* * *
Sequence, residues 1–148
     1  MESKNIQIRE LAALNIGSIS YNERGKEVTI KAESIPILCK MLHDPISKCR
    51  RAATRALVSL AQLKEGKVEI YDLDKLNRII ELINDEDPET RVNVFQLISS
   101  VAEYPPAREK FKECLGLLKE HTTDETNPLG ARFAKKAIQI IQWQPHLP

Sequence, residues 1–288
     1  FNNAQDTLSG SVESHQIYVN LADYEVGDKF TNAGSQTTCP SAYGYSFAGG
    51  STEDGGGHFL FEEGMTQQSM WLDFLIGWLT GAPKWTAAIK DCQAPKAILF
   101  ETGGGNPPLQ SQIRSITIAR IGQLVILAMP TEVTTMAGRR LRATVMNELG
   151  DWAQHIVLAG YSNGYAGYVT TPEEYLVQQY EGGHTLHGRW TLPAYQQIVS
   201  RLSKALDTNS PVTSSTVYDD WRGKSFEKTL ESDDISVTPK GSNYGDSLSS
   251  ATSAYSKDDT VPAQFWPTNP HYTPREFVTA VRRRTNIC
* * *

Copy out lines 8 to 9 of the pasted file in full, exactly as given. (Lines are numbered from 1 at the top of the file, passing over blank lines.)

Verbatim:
   101  ETGGGNPPLQ SQIRSITIAR IGQLVILAMP TEVTTMAGRR LRATVMNELG
   151  DWAQHIVLAG YSNGYAGYVT TPEEYLVQQY EGGHTLHGRW TLPAYQQIVS